Collins to work toward increasing visitation to Arkansas by groups and promoting the state's appeal
Bob Seger first took the stage in 1961, and 50 years and countless tours later the Detroit rocker says this is probably his farewell run across America. More than a quarter-century removed from his hit-making run through the 1970s and '80s, 7,720 braved a stormy Tuesday night to flick their Bics, sing along and generally rock out to the vast array of hits and non-radio faves.
Two of the 13 musicians who joined Seger on the stage were original Silver Bullets — bassist Chris Campbell and saxophonist Alto Reed — and this seemed like a show aimed at those who caught onto the group in its earliest days.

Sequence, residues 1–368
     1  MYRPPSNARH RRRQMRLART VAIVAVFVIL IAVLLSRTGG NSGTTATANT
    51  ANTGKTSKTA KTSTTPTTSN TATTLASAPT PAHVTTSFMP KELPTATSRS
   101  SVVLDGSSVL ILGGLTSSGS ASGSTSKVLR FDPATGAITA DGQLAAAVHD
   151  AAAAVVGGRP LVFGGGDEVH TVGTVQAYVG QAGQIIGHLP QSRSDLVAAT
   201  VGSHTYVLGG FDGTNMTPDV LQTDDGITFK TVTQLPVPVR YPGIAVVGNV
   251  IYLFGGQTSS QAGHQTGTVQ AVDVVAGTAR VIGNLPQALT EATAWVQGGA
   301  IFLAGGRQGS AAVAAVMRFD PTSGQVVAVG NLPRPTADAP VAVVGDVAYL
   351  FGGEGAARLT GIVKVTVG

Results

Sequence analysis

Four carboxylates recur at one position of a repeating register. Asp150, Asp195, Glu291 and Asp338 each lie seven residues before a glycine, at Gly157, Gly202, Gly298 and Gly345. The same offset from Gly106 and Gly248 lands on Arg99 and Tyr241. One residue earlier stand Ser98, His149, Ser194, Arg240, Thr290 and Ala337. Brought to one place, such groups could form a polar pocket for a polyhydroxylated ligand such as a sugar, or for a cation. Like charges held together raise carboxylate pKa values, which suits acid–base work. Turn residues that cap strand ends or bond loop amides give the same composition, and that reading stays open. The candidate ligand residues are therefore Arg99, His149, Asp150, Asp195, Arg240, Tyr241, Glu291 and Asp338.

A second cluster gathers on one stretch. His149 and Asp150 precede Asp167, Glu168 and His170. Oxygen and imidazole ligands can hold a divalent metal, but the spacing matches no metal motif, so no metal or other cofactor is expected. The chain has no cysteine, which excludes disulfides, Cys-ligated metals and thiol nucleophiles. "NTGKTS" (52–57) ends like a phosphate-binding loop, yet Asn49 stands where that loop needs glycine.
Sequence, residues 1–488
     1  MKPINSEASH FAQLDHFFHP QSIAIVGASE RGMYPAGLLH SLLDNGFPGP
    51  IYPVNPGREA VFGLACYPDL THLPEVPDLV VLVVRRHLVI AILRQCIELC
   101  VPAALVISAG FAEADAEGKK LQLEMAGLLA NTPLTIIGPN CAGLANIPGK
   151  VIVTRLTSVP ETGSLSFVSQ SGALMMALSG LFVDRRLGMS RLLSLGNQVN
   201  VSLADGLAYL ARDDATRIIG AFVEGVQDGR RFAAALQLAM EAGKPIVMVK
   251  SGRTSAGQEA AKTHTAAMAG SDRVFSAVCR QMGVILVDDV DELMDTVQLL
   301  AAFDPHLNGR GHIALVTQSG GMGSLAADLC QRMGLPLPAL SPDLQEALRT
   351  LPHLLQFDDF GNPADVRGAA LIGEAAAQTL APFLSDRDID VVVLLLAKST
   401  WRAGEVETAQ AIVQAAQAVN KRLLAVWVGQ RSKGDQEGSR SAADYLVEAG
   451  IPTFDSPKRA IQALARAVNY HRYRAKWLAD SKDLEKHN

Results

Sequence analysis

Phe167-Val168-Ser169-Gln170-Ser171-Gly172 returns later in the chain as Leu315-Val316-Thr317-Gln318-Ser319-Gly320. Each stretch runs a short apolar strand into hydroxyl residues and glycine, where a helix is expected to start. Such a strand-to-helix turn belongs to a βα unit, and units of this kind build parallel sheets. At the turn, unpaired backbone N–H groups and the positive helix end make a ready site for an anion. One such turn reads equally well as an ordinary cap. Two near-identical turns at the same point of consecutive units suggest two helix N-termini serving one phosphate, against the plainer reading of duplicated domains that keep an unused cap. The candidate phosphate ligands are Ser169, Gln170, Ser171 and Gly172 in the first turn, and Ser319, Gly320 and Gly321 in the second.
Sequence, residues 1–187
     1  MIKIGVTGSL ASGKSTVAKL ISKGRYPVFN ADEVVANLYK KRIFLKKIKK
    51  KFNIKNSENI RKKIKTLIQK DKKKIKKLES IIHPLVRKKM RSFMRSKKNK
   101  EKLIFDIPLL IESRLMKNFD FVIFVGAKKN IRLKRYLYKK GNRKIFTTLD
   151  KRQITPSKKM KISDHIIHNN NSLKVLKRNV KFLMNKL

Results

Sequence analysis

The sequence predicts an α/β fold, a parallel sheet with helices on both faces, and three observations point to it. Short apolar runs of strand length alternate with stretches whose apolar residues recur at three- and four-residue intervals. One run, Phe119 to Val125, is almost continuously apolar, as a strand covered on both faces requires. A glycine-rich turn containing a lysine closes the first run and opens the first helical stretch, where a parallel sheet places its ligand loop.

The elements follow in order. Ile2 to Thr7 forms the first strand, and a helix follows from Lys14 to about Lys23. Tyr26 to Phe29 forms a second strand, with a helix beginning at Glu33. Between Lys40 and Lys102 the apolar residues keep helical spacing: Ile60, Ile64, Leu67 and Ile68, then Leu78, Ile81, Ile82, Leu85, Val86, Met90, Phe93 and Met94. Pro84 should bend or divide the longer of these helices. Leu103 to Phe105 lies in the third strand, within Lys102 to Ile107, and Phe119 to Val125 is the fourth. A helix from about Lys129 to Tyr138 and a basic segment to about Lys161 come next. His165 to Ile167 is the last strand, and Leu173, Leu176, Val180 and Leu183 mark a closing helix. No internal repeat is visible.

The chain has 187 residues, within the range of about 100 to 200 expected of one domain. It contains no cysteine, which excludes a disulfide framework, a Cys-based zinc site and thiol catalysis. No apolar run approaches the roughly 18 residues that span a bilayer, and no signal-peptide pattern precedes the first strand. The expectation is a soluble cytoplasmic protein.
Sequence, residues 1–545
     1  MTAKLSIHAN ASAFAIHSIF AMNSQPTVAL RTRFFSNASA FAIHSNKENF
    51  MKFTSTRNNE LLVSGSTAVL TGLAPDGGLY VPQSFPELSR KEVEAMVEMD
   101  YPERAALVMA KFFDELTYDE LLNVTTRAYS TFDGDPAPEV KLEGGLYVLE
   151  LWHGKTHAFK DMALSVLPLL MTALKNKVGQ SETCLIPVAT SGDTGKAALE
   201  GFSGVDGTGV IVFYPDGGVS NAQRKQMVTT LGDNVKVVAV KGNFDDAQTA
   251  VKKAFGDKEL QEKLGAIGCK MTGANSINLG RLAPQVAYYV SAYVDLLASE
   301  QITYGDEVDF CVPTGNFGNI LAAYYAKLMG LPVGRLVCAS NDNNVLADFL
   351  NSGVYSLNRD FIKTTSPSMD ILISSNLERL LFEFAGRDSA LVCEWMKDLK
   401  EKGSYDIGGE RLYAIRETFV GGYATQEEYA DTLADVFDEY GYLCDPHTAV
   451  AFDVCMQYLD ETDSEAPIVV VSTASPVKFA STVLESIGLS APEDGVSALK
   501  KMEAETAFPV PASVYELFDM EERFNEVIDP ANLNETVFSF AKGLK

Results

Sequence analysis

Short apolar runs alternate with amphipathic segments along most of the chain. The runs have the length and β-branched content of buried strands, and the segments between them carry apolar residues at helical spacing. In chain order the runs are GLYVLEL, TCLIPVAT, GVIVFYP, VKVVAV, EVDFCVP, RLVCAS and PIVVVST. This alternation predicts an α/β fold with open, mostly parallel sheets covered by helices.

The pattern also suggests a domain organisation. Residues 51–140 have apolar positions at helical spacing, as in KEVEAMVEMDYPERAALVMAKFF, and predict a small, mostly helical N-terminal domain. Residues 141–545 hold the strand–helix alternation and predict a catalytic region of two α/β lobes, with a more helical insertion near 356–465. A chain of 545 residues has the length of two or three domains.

The first three Bob Seger and the Silver Bullet Band albums — "Beautiful Loser," "Live Bullet" and "Night Moves" — were heavily represented: The "Traveling Man/Beautiful Loser" combo was the highlight of the show, ending the first set with a thunderous, guitar-filled bang. To open the second set Seger pulled out "Nutbush City Limits," the Tina Turner hit that also was on "Beautiful Loser." Other unexpected delights included "Sunspot Baby" and "Come to Poppa," cuts from "Night Moves" that got no radio play; in all, Seger played six of the nine tunes from that multi-platinum classic.
Even someone who grew up on vintage Seger is surely tired by now of "Night Moves," "Turn the Page" and the even more ubiquitous "Old Time Rock & Roll." But those songs come alive and even feel fresh when done live. Over the course of 20 songs, followed by two two-song encores, Bob Seger and the Silver Bullet Band delivered a long, strong show for his Arkansas faithful, most of whom likely will never see him again live. Thanks for the memories, Bob.
— Kelley Bass